Another drag of the cigarette, another sip of beer. “This is my first airplane, my first trip outside Japan. I don’t even know how to get into the plane. When they are serving the food, I ask them how much is it; they say, ‘No, you don’t have to pay.’”
When he reached London, his lack of preparation became apparent. “When I arrived at Heathrow, I ask at the information desk, ‘I want to be racing driver, where can I go?’ It’s true. They say, ‘You should go Newmarket - race course there.’ I got a ticket, took the national coach.”
So on a dark and miserable October evening, Inoue rattles out of London and into deepest Norfolk. “The driver says, ‘Newmarket,’ so I get off. Then I ask a man, ‘Is this race course?’ He says, ‘Yes, this is horse-racing course.’ Horse racing! Not car. Very disaster.”
I was very scared. The car is very fast!
Inoue stuck around in East Anglia, enrolling at Snetterton’s race school, then graduating to Formula Ford before returning to Japan to race in F3. Despite a notable absence of podiums, Inoue managed to find sufficient sponsorship - a reported £2 million - to elbow his way into the lower echelons of F1, where, though never quite emulating his idol James Hunt’s notorious booze-and-girls heroics, he at least enjoyed the sport’s lighter side.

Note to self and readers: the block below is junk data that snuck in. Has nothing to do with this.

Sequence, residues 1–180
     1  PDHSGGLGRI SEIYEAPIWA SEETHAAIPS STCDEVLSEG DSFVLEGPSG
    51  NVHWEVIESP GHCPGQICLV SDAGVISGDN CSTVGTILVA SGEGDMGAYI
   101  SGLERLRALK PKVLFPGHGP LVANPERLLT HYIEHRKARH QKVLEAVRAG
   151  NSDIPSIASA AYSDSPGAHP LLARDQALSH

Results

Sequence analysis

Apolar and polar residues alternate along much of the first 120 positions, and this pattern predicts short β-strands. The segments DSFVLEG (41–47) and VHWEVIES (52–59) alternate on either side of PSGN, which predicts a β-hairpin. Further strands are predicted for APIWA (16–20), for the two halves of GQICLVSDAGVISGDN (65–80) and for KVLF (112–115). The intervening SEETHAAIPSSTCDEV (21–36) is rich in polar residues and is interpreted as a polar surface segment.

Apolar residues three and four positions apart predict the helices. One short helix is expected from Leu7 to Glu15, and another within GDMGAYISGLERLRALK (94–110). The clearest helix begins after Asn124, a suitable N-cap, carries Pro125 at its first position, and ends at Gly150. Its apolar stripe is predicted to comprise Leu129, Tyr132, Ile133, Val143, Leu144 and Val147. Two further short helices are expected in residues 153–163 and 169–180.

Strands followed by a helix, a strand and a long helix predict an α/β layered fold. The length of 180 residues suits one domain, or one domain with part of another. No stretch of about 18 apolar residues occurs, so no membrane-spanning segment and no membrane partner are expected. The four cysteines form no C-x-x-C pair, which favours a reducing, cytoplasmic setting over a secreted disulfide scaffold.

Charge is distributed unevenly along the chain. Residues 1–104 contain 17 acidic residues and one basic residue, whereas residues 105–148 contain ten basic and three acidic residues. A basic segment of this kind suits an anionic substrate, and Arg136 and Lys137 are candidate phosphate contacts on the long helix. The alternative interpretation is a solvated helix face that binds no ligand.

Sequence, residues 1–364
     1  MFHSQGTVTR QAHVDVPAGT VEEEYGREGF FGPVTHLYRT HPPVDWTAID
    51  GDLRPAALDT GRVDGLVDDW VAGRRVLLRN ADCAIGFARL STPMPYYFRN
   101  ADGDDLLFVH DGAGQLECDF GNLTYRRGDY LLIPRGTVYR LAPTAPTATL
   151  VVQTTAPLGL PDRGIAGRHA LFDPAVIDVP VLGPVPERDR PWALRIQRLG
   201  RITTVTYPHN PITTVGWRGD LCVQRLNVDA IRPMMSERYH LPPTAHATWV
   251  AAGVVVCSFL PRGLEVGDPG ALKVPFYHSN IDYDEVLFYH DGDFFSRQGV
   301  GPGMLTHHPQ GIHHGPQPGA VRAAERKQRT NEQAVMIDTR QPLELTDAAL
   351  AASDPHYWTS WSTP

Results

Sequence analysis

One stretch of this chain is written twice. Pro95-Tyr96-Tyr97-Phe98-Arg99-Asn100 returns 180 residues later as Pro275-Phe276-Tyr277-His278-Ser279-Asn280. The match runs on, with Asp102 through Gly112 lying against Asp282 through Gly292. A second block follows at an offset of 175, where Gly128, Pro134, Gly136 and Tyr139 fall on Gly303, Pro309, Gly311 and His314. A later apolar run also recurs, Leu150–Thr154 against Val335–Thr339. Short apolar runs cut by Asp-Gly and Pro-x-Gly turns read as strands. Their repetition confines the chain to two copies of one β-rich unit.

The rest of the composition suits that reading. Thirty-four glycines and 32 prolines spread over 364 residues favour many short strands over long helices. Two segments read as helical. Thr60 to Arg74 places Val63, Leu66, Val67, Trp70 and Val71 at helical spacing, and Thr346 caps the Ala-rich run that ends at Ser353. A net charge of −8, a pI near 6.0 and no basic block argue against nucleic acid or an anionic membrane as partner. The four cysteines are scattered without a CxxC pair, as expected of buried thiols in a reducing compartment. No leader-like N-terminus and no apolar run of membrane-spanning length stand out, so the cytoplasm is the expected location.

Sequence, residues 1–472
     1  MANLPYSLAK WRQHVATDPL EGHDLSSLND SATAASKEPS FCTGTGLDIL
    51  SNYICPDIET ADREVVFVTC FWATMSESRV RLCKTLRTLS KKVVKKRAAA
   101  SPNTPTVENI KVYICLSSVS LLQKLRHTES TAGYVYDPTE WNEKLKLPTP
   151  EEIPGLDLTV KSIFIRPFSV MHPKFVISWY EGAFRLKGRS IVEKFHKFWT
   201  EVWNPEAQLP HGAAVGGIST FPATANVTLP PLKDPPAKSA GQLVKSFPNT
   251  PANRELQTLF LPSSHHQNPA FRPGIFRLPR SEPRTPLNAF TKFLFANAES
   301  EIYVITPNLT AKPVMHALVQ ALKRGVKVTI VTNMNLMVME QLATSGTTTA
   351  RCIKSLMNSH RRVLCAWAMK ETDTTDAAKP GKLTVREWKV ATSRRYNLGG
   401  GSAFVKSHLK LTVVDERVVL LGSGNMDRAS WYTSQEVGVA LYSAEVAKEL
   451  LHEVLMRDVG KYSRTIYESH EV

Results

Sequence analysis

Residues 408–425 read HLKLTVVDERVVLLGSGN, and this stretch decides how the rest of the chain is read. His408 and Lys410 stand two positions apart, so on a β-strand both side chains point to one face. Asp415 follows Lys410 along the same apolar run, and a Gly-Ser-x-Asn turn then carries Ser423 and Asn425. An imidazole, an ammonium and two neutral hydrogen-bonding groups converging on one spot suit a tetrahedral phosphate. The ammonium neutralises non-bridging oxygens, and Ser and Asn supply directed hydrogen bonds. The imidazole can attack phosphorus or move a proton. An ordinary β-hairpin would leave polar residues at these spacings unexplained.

“In that time, I’m always drinking, drinking a lot, the following day a massive headache,” Taki smiles, holding cigarette aloft. “No problem! The drivers are boring now, like Olympic games. Zero personality. Drivers today, they must pretend to be professional. But I was very scared. The car is very fast! Very scary, too fast.”
It probably didn’t help that Taki’s race team failed to provide him any real practice time or training before he rocked up on the F1 grid. “In my first Formula One race in São Paulo, Brazilian GP, I didn’t know what a pit stop is. No one told me,” he admits cheerily. “But at least the car was not difficult. No paddleshift, once you get used to the carbon brakes, it’s very easy to use.”
Easy? With 900bhp, no driver aids of any sort and a notorious shortage in the talent department? Taki shrugs and drains his lager. Then that broad grin. “This is because I drove very slow…”
Photos: Shamil Tanna